In addition to being a renowned statesman and one of the Founding Fathers of our country, Benjamin Franklin was also a scientist and inventor, being credited with inventing bifocals, the lightening rod, the flexible urinary catheter, and swim fins, among many other discoveries. Although he was not overfond of the Bald Eagle (he considered it a “Bird of bad moral Character”), one thing Franklin did not do was propose that the turkey be our national bird. He only felt the turkey to be a “much more respectable Bird, and . . . a Bird of Courage.”
On this day, in 1940, the Luftwaffe began an aerial bombing campaign against the United Kingdom, in what has become known as the “Battle of Britain.” The British ultimately prevailed, with 544 aircrew killed, 422 aircrew wounded, and 1,547 aircraft destroyed, while the Luftwaffe lost 2,698 aircrew and 1,887 aircraft. Britain’s victory prevented Germany from achieving air superiority and stopped Hitler from launching Operation Sea Lion, an amphibious and airborne assault of Britain. Part of the credit goes to Sir Robert Alexander Watson Watt, who received a patent in Britain in 1935, GB593017, “Improvements in or Relating to Wireless Systems,” for a radar to detect aircraft. His work became the basis of the Chain Home ring of coastal early warning radar stations, which was instrumental in helping detect the approach of Luftwaffe aircraft.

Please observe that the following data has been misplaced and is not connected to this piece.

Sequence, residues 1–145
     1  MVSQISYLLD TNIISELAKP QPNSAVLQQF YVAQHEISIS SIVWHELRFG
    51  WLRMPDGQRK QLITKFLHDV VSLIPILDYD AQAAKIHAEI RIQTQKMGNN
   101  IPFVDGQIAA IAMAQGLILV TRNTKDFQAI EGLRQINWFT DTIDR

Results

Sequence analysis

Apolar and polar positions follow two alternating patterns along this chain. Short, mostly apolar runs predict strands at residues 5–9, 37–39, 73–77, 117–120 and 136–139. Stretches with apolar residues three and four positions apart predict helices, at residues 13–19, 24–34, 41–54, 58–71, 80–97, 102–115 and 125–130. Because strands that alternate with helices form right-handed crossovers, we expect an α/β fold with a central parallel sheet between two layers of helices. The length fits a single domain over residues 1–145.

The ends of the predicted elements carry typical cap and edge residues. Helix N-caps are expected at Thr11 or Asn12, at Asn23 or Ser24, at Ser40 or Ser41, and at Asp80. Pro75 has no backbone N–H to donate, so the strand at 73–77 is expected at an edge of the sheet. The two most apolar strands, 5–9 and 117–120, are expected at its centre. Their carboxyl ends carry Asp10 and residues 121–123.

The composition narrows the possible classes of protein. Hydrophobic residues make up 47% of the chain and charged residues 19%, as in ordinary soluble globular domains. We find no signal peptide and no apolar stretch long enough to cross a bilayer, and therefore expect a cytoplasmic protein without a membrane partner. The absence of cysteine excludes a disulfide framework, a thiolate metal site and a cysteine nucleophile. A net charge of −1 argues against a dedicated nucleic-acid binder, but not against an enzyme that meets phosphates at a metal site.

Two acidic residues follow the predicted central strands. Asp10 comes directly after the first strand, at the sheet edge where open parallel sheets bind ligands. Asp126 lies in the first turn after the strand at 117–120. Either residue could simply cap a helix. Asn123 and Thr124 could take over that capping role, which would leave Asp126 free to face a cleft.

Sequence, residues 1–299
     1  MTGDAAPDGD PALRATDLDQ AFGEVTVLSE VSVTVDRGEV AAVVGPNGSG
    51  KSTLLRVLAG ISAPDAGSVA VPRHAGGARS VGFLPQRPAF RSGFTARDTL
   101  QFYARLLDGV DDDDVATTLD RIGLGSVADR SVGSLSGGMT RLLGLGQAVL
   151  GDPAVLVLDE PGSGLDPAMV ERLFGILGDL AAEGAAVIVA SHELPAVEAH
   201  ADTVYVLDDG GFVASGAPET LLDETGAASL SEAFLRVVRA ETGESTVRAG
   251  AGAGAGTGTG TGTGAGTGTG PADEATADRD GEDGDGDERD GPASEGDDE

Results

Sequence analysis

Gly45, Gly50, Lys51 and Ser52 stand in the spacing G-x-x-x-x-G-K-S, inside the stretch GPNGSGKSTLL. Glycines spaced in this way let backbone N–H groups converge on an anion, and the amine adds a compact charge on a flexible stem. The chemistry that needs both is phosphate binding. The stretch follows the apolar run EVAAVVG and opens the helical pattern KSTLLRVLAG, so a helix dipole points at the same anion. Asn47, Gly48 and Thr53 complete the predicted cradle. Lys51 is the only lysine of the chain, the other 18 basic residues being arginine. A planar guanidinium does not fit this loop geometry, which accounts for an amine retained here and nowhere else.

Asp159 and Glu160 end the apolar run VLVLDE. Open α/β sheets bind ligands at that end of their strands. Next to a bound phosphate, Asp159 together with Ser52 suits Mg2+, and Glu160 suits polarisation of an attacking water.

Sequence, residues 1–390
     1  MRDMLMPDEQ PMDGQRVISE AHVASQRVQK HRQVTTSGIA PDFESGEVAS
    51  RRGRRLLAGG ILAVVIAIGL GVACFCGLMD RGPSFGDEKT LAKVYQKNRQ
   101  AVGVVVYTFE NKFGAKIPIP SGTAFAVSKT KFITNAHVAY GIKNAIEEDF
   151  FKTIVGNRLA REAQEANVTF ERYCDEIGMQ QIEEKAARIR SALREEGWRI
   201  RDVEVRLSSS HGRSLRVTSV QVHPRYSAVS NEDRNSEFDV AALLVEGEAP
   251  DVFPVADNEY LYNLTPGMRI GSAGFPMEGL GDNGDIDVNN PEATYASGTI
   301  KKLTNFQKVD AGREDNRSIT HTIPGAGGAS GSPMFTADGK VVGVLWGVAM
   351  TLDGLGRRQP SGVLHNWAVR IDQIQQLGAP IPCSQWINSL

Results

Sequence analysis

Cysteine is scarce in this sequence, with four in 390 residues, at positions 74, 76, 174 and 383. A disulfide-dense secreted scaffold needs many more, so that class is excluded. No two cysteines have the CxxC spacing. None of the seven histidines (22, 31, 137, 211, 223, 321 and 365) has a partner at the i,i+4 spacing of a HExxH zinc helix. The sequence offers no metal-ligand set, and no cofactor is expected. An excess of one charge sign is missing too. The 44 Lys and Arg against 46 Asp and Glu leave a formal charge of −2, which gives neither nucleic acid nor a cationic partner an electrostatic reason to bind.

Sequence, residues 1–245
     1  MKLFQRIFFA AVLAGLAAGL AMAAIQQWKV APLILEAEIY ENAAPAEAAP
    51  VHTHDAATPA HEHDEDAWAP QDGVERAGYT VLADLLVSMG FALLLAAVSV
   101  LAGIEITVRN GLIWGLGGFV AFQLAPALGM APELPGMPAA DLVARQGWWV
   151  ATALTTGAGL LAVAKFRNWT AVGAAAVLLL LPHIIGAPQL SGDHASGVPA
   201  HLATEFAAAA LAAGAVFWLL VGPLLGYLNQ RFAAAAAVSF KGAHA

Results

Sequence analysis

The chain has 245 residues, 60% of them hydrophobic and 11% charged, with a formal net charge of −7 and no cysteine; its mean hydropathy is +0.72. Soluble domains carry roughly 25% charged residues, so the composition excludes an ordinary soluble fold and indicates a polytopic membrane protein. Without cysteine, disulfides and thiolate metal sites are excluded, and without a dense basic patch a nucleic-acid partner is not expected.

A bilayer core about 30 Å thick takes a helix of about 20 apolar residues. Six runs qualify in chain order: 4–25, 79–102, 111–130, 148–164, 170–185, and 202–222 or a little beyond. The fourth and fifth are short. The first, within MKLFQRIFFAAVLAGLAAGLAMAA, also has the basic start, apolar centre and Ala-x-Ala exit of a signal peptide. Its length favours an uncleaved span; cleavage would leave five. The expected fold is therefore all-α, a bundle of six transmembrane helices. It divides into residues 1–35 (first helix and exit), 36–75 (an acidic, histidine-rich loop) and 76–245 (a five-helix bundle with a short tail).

Here in the States, the Fourth of July is celebrated as Independence Day, to commemorate the signing and adoption of the Declaration of Independence on July 4, 1776. Thomas Jefferson wrote the first draft of the Declaration, which was then edited and finalized by the Second Continental Congress. Jefferson later went on to help draft our first Patent Act in 1790 and to accomplish a great many other things.